Maintaining there was minimal security risk when President Cyril Ramaphosa flew to Japan in November for the Rugby World Cup, a Democratic Alliance (DA) MP submitted an official request for information following another evasive response to a Parliamentary question.
Democratic Alliance (DA) MP Kobus Marais is determined to find out exactly what the “security reasons” quoted by Minister Nosiviwe Mapisa-Nqakula are for the flight and why these precluded her from giving him the cost of the chartered Fortune Air Bombardier Global Express.
“I have no problem with the President being at the Rugby World Cup final to cheer on the Springboks,” shadow defence and military veterans minister Marais said. “What does concern me is that security is used as a reason not to make public the charter cost”.
Marais maintains the flight to and from Japan could not have compromised President Cyril Ramaphosa’s personal safety and “it’s hard to see repercussions of any kind on state security”.
“My PAIA (Promotion of Access to Information Act) request to force disclosure of the information which has no security implications and should not be confidential has been received and acknowledged and I await the response with interest,” he told defenceWeb.
Acknowledgement of receipt of Marais’ request is in the form of a letter signed on behalf of Brigadier General V Sibaca, listed as “Director: Promotion of Access to Information” at the Department of Defence (DoD).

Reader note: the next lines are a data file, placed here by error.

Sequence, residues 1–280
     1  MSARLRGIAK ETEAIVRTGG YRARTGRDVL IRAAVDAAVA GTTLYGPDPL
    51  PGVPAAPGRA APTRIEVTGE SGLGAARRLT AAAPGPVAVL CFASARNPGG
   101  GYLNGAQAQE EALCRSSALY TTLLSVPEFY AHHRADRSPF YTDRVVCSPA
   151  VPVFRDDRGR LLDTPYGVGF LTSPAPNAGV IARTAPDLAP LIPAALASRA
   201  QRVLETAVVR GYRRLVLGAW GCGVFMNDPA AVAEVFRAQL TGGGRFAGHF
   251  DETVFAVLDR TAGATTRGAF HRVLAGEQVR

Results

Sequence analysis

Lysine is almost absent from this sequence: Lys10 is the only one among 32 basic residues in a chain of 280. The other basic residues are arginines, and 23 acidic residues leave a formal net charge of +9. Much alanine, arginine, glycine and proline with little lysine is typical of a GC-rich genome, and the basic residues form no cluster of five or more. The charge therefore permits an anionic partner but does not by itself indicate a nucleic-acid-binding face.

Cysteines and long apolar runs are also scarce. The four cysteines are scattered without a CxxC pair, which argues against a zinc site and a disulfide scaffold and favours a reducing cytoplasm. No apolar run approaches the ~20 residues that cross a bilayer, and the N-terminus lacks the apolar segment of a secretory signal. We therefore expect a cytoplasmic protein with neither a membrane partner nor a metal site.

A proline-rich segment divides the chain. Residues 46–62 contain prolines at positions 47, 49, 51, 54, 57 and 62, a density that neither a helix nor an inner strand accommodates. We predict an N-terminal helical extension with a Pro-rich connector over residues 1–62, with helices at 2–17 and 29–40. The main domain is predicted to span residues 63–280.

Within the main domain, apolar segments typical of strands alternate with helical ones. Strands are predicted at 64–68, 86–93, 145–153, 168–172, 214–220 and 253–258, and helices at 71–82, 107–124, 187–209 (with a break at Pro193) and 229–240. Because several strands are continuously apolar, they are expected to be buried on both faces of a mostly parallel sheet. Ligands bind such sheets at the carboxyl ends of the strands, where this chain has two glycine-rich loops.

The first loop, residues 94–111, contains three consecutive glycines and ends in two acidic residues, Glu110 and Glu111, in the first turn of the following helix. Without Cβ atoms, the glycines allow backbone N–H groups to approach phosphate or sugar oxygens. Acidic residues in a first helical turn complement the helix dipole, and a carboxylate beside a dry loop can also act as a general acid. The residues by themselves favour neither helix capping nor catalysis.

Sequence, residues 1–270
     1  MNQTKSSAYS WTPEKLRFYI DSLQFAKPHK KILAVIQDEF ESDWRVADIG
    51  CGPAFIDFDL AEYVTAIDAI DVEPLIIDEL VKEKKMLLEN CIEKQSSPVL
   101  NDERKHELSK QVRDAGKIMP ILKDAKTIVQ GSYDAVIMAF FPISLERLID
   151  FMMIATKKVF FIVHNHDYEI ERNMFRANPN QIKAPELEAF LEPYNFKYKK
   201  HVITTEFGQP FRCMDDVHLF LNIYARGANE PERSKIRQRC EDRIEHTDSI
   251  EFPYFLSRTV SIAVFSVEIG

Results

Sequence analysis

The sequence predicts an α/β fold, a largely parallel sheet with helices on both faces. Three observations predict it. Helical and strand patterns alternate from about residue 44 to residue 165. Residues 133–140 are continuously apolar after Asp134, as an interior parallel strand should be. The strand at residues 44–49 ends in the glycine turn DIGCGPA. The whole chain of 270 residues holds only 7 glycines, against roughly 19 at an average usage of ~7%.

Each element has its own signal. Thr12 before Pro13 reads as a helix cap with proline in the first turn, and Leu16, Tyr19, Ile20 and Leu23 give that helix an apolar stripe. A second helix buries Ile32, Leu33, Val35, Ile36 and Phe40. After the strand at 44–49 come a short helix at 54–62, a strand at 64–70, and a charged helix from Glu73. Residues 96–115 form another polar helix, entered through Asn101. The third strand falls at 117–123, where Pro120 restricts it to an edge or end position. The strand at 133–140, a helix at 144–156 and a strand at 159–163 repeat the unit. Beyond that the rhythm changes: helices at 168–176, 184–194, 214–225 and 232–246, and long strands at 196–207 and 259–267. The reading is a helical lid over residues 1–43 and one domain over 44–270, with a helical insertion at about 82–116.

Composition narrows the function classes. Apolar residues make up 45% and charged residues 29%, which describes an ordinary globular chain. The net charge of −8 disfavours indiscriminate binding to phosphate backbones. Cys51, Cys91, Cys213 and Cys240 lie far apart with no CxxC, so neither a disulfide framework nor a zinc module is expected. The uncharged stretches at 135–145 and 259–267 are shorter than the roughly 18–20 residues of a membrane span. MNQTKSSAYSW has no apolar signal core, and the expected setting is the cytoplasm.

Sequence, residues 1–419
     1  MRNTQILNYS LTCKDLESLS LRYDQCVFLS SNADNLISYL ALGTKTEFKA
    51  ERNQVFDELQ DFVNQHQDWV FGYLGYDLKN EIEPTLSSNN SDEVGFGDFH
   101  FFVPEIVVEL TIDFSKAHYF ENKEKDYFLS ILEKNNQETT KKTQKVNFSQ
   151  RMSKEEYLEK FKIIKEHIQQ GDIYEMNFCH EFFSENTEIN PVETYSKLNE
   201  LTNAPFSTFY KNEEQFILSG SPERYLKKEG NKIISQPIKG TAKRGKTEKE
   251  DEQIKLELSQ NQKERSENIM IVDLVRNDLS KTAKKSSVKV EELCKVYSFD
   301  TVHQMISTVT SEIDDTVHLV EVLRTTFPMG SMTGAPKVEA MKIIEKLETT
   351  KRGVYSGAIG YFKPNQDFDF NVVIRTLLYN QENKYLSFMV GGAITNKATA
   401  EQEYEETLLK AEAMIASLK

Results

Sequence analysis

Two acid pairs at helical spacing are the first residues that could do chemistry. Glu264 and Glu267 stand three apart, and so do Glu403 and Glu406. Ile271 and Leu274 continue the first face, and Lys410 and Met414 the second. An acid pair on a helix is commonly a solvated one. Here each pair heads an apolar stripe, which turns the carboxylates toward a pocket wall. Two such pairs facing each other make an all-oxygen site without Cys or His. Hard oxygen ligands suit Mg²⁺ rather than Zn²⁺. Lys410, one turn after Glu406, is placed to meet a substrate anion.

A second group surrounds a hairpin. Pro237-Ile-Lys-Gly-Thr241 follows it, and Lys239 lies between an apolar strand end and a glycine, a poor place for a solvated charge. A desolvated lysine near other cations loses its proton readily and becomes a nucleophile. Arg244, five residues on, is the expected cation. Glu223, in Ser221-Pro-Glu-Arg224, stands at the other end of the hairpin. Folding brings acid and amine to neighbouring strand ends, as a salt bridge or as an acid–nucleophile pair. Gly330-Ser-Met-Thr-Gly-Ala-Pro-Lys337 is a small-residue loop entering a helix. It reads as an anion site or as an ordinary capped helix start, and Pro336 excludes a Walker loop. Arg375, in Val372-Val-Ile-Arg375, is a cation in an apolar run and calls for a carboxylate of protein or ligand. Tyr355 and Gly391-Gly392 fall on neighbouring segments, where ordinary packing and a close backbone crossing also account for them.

The November flight to and from Japan again brought to the fore an ongoing debate among South African military aviation specialists and enthusiasts: who should carry the cost of VIP air transport, specifically for the President, his deputy and Cabinet ministers?
The SA Air Force (SAAF) has a dedicated VIP transport squadron – 21 – based at AFB Waterkloof. In its inventory are the Presidential Boeing 737 Inkwazi (ZS-RSA) and a pair of Falcon jets, among others. The airborne service of the SA National Defence Force (SANDF) operates and maintains these aircraft and also pays for charter costs when no aircraft are available.
One school of thought has it the air force should continue to operate and maintain the small VIP aircraft fleet with flight and other costs for the account of either The Presidency or the Department of International Relations and Co-operation (DIRCO).
These departments contribute by far the majority of passengers for 21 Squadron operations. With the current budget shortfall not expected to improve over the next four to five years if ever, it would be good to allow the SAAF to better spend its limited funds on other operational issues including maritime and border taskings.
“If flight costs are borne by these departments it becomes a ‘user pays’ situation, something government regularly points out must happen in other areas,” a retired air force pilot said.